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fixing libpthread noload, another approach

For whoever missed the previous episodes: Starting with NetBSD 6.0,
libpthread has a NOLOAD flag, which will cause dlopen() to refuse
loading it in programs that are not linked with -lpthread.

The rationale is that many libc functions (e.g.: malloc) use mutex and
condvar to be thread-safe. When not linking with -lpthread, they use
no-op libc stubs. When lining with -lpthread, they use libpthread full
implementation. if dlopen() of libpthread is allowed, one can start
initializing and holding a mutex as a no-ops, load libpthread, and then
really attempt to release the unintialized mutex and crash.

The problem of NetBSD 6.0 approach is that some DSO may hold an unneeded
and unwanted libpthread dependency through a third party library, and
therefore get impossible to load by NetBSD 6.0 dlopen(). For instance,
if a PAM module links against, it gets a libpthread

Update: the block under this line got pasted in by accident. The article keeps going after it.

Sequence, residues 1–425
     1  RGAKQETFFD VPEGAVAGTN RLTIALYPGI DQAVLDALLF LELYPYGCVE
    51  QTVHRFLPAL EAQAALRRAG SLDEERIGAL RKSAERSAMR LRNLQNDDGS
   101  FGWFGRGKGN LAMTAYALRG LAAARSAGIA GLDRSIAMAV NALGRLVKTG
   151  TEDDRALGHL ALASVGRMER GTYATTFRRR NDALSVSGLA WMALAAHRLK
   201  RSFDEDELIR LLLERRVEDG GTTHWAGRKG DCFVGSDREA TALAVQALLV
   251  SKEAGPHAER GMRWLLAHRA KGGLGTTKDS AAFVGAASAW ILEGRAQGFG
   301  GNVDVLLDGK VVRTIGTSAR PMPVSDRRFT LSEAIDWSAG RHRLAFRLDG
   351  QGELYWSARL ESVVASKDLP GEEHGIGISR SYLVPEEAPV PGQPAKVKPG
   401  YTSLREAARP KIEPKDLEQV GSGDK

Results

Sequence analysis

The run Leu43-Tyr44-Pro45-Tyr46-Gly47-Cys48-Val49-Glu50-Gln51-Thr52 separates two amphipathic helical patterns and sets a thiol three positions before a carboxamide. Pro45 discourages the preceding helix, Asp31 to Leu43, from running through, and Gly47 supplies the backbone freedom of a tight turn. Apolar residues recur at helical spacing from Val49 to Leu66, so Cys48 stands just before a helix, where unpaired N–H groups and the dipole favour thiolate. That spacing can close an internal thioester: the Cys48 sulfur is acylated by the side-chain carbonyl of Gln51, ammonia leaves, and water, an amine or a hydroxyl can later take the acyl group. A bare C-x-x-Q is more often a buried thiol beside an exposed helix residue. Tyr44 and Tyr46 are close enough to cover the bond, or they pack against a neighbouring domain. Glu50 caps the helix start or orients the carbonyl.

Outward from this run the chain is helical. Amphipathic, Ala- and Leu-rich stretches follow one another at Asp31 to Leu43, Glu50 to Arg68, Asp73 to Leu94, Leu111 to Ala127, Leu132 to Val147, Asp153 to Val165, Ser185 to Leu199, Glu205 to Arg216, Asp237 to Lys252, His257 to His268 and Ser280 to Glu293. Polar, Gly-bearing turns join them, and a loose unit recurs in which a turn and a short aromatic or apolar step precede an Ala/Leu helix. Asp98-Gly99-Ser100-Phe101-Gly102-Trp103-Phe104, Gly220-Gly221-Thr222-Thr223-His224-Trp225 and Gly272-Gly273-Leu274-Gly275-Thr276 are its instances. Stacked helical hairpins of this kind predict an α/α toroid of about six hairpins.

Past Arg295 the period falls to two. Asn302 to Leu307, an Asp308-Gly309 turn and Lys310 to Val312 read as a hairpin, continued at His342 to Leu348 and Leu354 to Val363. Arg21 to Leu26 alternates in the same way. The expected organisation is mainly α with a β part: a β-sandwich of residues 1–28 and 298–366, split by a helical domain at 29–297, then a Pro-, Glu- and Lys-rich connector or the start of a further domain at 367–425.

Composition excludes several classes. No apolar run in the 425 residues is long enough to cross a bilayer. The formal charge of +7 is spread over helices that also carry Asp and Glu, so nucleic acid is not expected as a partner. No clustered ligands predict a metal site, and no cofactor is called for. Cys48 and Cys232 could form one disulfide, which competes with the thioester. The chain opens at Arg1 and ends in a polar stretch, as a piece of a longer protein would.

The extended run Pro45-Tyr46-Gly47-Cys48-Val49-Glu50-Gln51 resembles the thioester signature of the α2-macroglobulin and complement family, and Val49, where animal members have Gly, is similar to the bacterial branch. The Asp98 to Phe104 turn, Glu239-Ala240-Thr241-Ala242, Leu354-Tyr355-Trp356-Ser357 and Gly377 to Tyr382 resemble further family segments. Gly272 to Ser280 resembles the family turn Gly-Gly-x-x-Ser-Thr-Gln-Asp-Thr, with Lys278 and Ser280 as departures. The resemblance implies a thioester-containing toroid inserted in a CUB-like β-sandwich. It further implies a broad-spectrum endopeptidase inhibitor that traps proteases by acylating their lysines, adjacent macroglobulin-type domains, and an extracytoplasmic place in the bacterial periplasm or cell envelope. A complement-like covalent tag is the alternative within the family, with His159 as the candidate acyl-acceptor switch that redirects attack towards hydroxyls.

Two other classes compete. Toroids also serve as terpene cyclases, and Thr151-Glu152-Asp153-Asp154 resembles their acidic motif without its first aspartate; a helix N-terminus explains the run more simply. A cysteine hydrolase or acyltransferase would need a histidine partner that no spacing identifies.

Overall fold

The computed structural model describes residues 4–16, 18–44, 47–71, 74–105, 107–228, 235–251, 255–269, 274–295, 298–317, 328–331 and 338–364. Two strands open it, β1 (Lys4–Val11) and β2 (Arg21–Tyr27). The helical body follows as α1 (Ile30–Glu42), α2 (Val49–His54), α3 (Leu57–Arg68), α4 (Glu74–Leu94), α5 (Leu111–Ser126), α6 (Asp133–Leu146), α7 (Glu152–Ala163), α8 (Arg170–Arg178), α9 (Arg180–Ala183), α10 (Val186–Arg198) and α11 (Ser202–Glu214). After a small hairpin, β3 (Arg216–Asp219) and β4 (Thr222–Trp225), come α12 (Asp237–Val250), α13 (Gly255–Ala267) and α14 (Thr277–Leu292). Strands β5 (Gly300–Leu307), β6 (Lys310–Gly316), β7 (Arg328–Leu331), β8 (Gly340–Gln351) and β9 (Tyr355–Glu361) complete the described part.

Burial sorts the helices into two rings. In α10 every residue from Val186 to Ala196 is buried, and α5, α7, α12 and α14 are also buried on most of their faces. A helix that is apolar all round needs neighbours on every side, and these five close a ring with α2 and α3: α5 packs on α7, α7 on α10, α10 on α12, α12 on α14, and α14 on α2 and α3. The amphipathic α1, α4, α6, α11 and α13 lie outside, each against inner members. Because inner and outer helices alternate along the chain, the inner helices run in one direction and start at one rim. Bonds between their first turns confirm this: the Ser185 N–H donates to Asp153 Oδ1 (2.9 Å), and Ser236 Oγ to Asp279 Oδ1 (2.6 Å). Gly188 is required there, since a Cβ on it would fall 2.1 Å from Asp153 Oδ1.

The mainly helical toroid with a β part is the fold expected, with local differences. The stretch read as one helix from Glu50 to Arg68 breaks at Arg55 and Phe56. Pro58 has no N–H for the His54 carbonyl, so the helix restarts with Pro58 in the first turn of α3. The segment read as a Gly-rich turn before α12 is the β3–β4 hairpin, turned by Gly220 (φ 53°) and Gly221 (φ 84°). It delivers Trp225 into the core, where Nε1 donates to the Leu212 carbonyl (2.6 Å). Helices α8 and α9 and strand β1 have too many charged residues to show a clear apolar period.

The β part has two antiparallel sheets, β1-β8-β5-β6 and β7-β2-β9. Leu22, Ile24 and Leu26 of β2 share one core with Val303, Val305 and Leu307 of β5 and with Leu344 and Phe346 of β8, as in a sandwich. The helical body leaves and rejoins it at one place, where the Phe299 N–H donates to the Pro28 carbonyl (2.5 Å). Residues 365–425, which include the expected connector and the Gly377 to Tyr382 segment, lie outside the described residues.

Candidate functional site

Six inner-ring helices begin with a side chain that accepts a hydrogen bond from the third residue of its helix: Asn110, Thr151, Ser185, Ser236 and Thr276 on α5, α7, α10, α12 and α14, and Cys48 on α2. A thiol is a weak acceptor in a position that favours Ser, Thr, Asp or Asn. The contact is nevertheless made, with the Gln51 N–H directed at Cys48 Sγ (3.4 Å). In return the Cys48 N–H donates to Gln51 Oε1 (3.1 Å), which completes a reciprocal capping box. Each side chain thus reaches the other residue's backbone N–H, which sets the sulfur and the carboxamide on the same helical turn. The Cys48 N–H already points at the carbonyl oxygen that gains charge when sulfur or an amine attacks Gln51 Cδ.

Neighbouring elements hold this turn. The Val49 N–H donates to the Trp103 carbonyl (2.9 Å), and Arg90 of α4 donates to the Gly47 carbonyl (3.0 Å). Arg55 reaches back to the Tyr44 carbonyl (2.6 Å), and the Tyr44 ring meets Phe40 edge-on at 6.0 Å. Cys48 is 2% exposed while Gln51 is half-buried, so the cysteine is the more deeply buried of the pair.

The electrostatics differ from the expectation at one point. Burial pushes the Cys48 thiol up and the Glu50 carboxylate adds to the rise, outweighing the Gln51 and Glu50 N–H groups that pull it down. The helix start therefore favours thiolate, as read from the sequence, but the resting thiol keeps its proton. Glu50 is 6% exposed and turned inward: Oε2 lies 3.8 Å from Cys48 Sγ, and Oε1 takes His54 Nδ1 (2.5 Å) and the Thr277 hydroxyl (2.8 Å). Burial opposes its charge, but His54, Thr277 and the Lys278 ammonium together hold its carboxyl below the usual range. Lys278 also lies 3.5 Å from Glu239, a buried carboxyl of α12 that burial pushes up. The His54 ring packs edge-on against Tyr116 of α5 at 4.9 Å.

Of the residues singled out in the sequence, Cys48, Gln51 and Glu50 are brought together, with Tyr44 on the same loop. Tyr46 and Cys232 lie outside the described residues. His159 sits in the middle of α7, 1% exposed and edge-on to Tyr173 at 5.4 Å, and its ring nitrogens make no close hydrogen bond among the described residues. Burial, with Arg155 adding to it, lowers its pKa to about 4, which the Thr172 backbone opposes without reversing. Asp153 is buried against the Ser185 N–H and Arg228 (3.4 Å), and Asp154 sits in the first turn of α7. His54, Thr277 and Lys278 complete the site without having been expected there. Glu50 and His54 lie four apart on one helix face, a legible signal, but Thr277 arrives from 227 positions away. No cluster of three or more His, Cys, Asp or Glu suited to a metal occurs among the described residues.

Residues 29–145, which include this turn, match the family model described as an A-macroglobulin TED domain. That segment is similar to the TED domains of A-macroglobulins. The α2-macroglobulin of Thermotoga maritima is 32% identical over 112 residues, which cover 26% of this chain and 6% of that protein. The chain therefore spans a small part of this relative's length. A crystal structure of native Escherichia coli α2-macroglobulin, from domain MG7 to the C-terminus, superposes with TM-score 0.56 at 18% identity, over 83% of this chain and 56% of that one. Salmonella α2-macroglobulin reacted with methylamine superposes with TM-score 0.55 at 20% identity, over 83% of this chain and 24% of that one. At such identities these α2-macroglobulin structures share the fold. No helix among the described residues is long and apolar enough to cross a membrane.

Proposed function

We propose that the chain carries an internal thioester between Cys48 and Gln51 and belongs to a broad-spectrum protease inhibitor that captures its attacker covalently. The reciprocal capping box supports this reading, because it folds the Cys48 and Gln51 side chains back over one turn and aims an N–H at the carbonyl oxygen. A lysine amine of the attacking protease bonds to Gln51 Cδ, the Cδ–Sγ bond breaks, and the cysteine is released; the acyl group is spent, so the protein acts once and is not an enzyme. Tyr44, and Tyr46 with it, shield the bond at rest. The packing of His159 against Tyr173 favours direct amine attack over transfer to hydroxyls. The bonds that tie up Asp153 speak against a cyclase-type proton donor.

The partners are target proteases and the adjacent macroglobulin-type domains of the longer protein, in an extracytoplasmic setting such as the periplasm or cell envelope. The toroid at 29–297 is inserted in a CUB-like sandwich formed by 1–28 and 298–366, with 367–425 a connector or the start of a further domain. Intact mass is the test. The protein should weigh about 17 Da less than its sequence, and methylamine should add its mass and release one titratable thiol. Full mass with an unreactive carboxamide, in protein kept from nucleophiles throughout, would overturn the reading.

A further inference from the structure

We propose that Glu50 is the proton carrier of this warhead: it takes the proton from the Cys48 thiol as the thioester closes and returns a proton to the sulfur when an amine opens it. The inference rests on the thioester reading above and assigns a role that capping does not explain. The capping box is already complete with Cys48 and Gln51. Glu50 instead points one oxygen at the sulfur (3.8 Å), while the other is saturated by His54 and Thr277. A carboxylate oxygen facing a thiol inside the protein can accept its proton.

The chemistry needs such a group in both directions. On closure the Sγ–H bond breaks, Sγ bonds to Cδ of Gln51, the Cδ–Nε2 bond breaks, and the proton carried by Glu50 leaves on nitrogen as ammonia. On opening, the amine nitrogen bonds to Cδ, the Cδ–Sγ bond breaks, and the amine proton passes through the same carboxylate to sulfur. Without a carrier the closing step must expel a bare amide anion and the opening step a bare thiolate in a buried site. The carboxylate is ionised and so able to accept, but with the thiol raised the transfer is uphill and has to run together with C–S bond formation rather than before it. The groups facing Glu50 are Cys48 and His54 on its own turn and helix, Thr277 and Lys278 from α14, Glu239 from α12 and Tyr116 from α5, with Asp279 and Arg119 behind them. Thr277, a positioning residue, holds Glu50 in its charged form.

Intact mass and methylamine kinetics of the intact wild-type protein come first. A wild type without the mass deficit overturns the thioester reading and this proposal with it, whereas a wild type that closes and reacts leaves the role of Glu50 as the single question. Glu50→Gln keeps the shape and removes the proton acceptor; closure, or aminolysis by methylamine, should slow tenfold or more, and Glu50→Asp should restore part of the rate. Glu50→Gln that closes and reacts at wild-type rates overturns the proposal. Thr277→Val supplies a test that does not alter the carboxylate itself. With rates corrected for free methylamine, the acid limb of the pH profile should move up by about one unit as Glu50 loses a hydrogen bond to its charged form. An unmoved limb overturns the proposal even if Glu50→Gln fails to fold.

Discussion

dependency and is rejected by dlopen() even if it never uses thread
related stuff.

A first proposal to fix the problem has been to implement minimal mutex
and condvar operations in libc stubs: if they initialize enough fields,
then operations can resume safely after libpthread is loaded. The
drawback of this approach is that there is a performance hit for
programs that are not linked with -lpthread.

Here is another proposal: modify dlopen() so that instead of raising an
error when encountering an object tagged with NOLOAD, it just resolves
its symbol to an error stub. Therefore we are able to dlopen() a DSO
linked with -lpthread, but libpthread is not loaded. If we do not use
thread-related stuff, everything is fine, but if we call a function from
libpthread, we abort with a diagnostic.

The advantage is that there is no performance hit for programs not
linked with -lpthread: we leave the libc thread stub as no-ops. The
overhead only happens in dlopen() when we have to load and unload an
object that has the NOLOAD flag.

Here is the patch that implement the thing:

Emmanuel Dreyfus

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